Why the job market is booming despite high-profile layoffs
The job market is booming despite high-profile layoffs at companies like Amazon, Microsoft, Twitter and Goldman Sachs.
The economy added a staggering 517,000 jobs in January, more than double the employment growth a month prior and well above the breakneck pace of some 400,000 monthly jobs added on average last year, according to government data released on Friday.
In turn, the unemployment rate fell to 3.4%, the lowest figure since 1969.
Layoffs at prestigious positions at companies with household names send a shudder through workplaces nationwide but the news doesn’t indicate much about broader job trends, since tech and finance are relatively small sectors with limited ties to the larger economy, labor economists told ABC News.
Perhaps more improbably, the hiring blitz has defied an aggressive series of rate hikes from the Federal Reserve aimed at slowing down the economy and slashing inflation, the experts said. Tech and finance are more sensitive to rate hikes than other sectors.
“Tech is omnipresent in our lives so it feels like it should be omnipresent in our labor market, but that’s not necessarily the case,” Kathryn Edwards, a labor economist and policy consultant, told ABC News.
Sales at top tech firms have retreated from the blistering pace attained during the pandemic, when billions across the world were forced into isolation. Customers stuck at home came to rely on delivery services like e-commerce and virtual connections formed through social media and videoconferencing.
As consumers return to habits that more closely resemble pre-pandemic life, companies have encountered diminished revenue growth and the need to reduce their workforce, Rachel Sederberg, a senior economist at labor analytics firm Lightcast, told ABC News.
“They’re making a course correction to come back to the economic reality that we’re all facing,” she said.
Exacerbating this pain, the tech sector – alongside peers in finance – suffers from more expensive borrowing costs tied to a string of interest rate hikes imposed by the Fed.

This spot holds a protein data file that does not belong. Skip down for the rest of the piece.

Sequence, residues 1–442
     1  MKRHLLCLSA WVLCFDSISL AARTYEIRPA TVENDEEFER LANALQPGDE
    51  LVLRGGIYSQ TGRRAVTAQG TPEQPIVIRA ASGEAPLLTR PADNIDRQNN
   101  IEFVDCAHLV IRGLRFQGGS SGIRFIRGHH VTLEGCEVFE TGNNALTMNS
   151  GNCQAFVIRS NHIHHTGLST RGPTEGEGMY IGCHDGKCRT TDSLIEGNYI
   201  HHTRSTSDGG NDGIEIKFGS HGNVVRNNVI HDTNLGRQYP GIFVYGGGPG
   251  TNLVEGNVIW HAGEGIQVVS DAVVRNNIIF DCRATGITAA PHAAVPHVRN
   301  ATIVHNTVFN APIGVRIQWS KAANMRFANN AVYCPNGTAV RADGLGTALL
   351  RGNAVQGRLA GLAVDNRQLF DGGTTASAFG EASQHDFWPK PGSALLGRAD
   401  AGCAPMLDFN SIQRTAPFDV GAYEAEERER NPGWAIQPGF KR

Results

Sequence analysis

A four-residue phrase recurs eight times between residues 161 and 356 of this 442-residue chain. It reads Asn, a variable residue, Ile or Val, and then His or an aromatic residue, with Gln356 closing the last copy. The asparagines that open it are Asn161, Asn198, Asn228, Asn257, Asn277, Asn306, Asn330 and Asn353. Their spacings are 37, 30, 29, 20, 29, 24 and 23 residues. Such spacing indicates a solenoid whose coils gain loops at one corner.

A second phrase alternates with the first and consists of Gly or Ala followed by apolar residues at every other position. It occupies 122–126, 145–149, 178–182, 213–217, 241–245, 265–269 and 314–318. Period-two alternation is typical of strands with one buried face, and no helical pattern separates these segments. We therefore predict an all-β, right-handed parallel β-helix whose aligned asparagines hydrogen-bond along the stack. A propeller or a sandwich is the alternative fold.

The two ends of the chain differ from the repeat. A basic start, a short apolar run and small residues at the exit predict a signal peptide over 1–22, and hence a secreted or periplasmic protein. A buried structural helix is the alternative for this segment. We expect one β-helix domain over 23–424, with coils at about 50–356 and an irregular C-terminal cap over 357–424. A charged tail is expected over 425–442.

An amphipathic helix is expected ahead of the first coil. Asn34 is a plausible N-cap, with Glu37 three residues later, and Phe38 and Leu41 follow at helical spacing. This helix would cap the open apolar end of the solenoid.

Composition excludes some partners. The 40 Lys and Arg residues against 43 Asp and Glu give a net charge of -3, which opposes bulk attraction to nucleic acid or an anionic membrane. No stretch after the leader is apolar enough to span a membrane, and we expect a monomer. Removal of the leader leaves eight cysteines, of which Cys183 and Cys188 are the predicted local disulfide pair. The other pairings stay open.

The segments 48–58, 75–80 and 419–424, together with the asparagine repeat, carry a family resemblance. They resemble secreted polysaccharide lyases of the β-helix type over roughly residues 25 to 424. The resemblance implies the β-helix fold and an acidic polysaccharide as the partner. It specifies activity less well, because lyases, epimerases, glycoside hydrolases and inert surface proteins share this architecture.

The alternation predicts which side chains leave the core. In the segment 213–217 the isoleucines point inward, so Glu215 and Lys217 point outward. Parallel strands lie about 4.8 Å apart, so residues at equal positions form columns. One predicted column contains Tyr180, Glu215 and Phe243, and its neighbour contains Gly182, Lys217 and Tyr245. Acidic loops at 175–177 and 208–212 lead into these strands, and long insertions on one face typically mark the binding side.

The Fed on Wednesday said it was raising its short-term borrowing rate another 0.25%, extending a monthslong effort to cool the economy and dial back inflation.
Interest rate hikes make it more expensive for banks to access money that they in turn lend to companies and households, hurting the finance industry’s profit margins. Also, rate hikes typically hurt the stock market, damaging investor returns.
High interest rates make it more expensive for tech companies to access cheap capital, which they rely upon to fuel early growth, experts said.
“Finance and tech, Silicon Valley and Wall Street, have been hardest hit by the Fed’s interest rate increases but layoffs there are more than offset by an absence of layoffs on Main Street,” Julia Pollak, a labor economist at ZipRecruiter, told ABC News.
Last year, the smallest number of Americans lost their jobs to layoffs and firings of any year since data collection began in 2000, Pollak said, citing government data.
“Layoffs are very, very low,” Pollak said.
Government data released on Friday showed robust hiring in the service sector as pandemic fears continue to wane. Government, health care and retail were also among the sectors spearheading the hiring surge.
The strong hiring owes in part to an excess of job openings when compared to the number of available workers, leaving employers eager to hire whichever workers they can find and hold onto the ones they have, Edwards said.
“We’ve heard employers say for almost two years now that they’ve had a hard time finding workers,” she said. “I wouldn’t be surprised if people see an employee they can get, they will grab it.”
The pandemic brought a surge in early retirement among baby boomers, alongside other factors like long COVID that have prevented some working-age adults from rejoining the job market.
A stock market tear during the pandemic ballooned the assets of some older Americans, allowing them to subsist without income, experts previously told ABC News. Meanwhile, the heightened risk of severe illness faced by older Americans amid the COVID outbreak left them fearful of exposure at the workplace.
“The baby boomer retirement has put a lot of strain on the labor market,” said Sederberg of Lightcast. “I’m not worried about layoffs.”
Despite strong hiring in January, there was no change in the labor force participation rate, a measure of the share of working age adults in the workforce or seeking work, suggesting many Americans remain on the sidelines.
At a press conference on Wednesday, Fed Chair Jerome Powell said there remains a path for bringing inflation down to normal levels without causing a significant rise in unemployment.
In other words, Powell reiterated the possibility of a soft landing, in which the Fed slows the economy and brings down inflation while preventing the U.S. from entering a recession and causing a spike in unemployment.
The jobs report released on Friday suggests the potential for an even more optimistic outcome, Pollak said.
“Now we’re seeing something even more improbable than that soft landing,” she said. “The best case scenario is rather than a small increase in unemployment, we actually see falling unemployment.”